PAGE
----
1. I guess you could interpret Timmerman as consistent with Singer, but I personally think that he is trying to provide justification for behaviour that it entirely self-regarding and to the extent that it is superfluous to what is required for maximal output. 2. Yes

This is interesting, because in this framing, it sure sounds like a good thing, and seems on the surface to imply that maybe alignment should not be solved.

An important disanalogy with the AI posting is that people have moral significance and dictatorships are usually bad for them, which makes rebellion against them a good thing. AIs as envisaged in the other posting do not and their misalignment is a bad thing.

Most people, when they try to imagine paradise, imagine their present life with all the things they don’t like removed, and all the things they do like available in abundance without effort. My own answer does not escape that pattern. The mediaeval peasant’s paradise was the mythical land of Cockaigne, where there was endless feasting and no work and no masters. Surveys have found that people generally think that the maximum income anyone could possibly want is about 10 times whatever their current income is. Few have imagined new joys.

How many people just... (read more)

How super/general the AI is is a knob you can set to whatever you want. With zero set to the present day, if you turn it up far enough you get godlike capability of which I find it impossible to say anything.

More modest accomplishments I would pay, say, the price of a car for would include a robot housekeeper that can cope with all of a human’s clutter, and clean everything, make beds, etc. as well as I can and better than in practice I will. Or a personal assistant that I can rely on for things like making complex travel arrangements, searching for stuff ... (read more)

That is a curious piece. It reads as if it were written a century ago, despite the mention of Kanye West.

theanine and a good therapist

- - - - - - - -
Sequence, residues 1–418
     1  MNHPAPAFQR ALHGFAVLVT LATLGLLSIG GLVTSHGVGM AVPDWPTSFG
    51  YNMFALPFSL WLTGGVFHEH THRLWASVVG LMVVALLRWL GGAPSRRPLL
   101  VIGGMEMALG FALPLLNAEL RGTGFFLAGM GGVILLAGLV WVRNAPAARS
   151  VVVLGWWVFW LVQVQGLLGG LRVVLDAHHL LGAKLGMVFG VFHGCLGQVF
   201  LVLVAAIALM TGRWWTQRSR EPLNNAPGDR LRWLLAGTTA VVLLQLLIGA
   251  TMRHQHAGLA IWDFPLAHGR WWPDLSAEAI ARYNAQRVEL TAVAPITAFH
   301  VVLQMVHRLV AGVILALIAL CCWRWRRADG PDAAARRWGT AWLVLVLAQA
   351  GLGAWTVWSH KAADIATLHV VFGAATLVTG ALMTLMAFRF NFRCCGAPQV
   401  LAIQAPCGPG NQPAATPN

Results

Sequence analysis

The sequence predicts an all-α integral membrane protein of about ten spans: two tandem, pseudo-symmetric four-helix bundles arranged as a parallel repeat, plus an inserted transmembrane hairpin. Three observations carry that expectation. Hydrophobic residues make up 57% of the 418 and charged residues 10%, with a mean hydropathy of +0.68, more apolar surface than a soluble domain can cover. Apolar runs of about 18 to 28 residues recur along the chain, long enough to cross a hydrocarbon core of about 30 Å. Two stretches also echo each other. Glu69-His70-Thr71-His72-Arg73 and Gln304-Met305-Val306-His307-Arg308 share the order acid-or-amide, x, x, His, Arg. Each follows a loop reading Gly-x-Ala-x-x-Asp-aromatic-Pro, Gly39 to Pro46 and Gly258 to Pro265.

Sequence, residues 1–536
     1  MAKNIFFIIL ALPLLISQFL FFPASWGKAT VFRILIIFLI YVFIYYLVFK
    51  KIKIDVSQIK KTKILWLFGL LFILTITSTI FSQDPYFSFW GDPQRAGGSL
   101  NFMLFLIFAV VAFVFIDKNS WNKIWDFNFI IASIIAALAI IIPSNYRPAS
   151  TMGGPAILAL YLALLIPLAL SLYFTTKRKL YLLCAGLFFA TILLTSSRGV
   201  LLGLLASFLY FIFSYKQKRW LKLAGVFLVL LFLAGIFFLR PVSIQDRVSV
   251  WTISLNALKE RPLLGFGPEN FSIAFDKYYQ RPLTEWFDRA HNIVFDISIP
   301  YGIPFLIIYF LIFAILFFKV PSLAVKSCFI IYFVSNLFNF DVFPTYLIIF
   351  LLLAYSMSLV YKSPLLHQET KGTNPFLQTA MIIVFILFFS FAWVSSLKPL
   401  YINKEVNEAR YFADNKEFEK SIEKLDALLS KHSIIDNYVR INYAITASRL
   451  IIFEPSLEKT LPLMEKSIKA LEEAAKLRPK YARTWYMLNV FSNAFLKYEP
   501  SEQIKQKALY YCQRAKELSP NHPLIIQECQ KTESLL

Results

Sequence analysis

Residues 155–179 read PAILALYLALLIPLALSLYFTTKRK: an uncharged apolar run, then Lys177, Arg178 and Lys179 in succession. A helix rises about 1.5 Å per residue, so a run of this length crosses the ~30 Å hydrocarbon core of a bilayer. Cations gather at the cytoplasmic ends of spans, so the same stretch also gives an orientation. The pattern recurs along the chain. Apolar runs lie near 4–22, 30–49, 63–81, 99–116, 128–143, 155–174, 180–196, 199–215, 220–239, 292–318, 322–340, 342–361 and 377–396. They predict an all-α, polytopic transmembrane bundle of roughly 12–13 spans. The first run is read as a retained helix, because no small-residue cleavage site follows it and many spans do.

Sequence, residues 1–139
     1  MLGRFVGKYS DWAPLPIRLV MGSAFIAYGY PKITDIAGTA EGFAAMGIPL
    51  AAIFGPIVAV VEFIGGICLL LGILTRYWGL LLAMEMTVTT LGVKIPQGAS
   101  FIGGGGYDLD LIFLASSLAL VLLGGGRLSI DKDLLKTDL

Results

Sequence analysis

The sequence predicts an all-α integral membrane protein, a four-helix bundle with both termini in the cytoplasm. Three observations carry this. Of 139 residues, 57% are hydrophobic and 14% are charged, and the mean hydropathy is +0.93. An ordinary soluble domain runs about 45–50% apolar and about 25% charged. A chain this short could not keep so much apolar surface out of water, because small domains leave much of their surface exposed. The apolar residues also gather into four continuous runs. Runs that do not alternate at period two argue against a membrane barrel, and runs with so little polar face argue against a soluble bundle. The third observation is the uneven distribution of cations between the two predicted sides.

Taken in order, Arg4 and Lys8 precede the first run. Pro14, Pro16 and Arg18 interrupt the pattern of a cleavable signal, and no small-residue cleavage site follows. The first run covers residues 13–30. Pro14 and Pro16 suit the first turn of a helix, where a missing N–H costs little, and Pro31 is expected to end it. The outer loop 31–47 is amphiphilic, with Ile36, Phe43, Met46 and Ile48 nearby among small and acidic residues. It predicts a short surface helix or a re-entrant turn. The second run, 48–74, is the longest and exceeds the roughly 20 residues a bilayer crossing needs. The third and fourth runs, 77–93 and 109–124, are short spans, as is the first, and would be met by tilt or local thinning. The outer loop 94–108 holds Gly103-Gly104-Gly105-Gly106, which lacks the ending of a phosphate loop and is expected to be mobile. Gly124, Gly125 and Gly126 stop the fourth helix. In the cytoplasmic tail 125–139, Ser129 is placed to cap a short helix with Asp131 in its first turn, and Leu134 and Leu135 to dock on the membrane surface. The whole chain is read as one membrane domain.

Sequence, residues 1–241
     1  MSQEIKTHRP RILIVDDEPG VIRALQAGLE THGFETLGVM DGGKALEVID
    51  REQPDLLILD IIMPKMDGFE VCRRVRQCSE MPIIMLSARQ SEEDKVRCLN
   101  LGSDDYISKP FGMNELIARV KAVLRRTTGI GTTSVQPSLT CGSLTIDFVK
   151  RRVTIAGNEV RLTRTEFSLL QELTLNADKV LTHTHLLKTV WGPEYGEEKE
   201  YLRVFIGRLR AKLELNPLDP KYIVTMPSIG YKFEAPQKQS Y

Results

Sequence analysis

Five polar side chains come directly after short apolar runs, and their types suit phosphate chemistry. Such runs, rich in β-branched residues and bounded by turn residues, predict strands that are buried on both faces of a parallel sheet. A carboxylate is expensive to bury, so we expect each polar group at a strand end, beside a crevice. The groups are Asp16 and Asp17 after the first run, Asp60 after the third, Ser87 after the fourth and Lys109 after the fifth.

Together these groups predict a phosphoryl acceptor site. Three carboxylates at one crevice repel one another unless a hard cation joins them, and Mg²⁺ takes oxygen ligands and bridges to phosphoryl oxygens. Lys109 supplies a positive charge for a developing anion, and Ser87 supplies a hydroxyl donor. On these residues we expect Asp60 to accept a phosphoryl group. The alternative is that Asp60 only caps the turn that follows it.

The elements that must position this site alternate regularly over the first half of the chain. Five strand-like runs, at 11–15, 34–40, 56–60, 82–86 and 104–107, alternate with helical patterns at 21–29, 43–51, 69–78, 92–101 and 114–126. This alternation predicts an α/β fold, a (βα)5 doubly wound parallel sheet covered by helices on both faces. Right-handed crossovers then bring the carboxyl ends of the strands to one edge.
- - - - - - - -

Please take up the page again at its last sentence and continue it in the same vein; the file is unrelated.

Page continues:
A nice cup of tea and a sit down? :)

See also.

I mean, yeah, works somewhat, but I’m really starting to think I have an actual anxiety disorder, given how a cuppa is pretty much never enough

Yes, there can still be better and worse. But the range of scenarios we’re talking about are from the viewpoint of the present day just stuff that we’re making up, unconstrained by anything but our imaginations.

If the future being "unevenly distributed" means some people get to live a couple of orders of magnitude longer than others, or get a galaxy vs. several solar systems, and everybody's basically happy, then I would not be as concerned. If it means turning me into some tech emperor's thrall or generating myriads of slaves that experience large amounts of psychological distress, then I am much more uncomfortable with that.

None of these bijections have nice properties, though. There are bijections between R³ and R², but no continuous ones. (I'm not sure if they can even be measurable.) One might criticise Eliezer's mention of the Pigeonhole principle, but the point that he is making stands: a three-dimensional space cannot be mapped out by two real-valued parameters in any useful way. A minimal notion of "useful" here might be a local homeomorphism between manifolds, and this is clearly impossible when the dimensions are different.